Japanese community of Düsseldorf

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Eko House of Japanese Culture
NEC Europe headquarters in Düsseldorf

There is a Japanese community in Düsseldorf, Germany. In 2008 the Consulate-General of Japan in Düsseldorf (German: Japanisches Generalkonsulat Düsseldorf, Japanese: 在デュッセルドルフ日本国総領事館) stated that about 11,000 Japanese, including both permanent and temporary residents and German-born citizens of Japanese ancestry live in Düsseldorf. Since the 1950s Düsseldorf has hosted over 500 Japanese companies.[1]

In 1985 the general manager of the Japanese Chamber of Commerce and Industry in Düsseldorf, Akira Arikawa, stated that of all of the cities in the world outside Japan, Düsseldorf had the highest concentration of Japanese residents.[2]


In 1950 there was one Japanese person registered as living in Düsseldorf.[3] Beginning in the mid-1950s the Japanese companies returning to Germany in the post-World War II period were mostly settling in Düsseldorf,[4] while in the pre-World War II period the Japanese population was concentrated in Hamburg.[5] Arikawa stated that the Japanese settlement began when ten businesspersons from Tokyo, trying to buy metal ore and machinery for Japan, established their businesses in Düsseldorf. Due to this settlement, information about the Ruhr region circulated within Japanese companies.[2] 300 Japanese were registered as living in the city by 1960. The Japanese Chamber of Commerce was founded in 1966. There were 100 Japanese companies in the Düsseldorf area in 1968.[3]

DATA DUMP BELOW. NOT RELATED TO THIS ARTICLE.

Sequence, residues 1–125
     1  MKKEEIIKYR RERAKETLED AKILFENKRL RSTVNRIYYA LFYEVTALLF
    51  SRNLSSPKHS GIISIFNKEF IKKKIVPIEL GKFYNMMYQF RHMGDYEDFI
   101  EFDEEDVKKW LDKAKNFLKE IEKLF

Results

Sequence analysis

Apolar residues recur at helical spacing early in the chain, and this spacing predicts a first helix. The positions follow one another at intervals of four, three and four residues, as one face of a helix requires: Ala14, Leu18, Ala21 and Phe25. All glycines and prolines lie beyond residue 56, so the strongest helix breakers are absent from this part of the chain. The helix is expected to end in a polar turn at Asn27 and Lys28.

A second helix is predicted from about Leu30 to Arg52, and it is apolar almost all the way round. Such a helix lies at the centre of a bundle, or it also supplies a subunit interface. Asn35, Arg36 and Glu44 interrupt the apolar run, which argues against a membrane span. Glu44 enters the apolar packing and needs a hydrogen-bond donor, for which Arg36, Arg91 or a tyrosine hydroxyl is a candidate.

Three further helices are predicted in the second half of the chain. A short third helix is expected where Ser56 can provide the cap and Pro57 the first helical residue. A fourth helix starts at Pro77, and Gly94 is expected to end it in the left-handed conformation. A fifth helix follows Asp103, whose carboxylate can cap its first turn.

Due to Düsseldorf's central location within Europe and proximity to other areas in Europe, its location in the Ruhr industrial area, and the proximity to the seaport Duisburg, Japanese companies had a preference for Düsseldorf as they established European operations in the 1970s.[5] By 1973 2,000 Japanese were registered as living in Düsseldorf and 200 Japanese companies were located in the area. By 1980 the number of Japanese companies had increased to 300.[3] As of 1985 there were 6,000 Japanese residents.[2] In 1990 there were 30 Japanese production facilities in the city. By 1992, 7,443 Japanese were registered as living in the city.[3]

Due to the reunification of Germany making Berlin the capital of the country, the decline in the Japanese economy, and the European Single Market causing Japanese companies to move to places with lower costs, since 1992 there had been a decline in the Japanese community. Many of the Japanese companies had shifted to the Netherlands. In the late 1990s the Düsseldorf area housed 520 Japanese companies. In 1999 about 4,500 Japanese people lived in and around Düsseldorf. By the late 1990s there were almost no Japanese production facilities in Düsseldorf, or in all of Germany. Due to the infrastructure and support from the Japanese community, including the Japanese school and the Buddhist centre, many companies that had moved out of Düsseldorf in the early 1990s, especially those that had moved to Berlin, began moving back to Düsseldorf by the late 1990s.[3]

In 2001 Harold Kerbo and Patrick Ziltener, authors of the article "Japanese Business in Germany," wrote that "Dusseldorf remains the center for Japanese business activity in Germany."[3]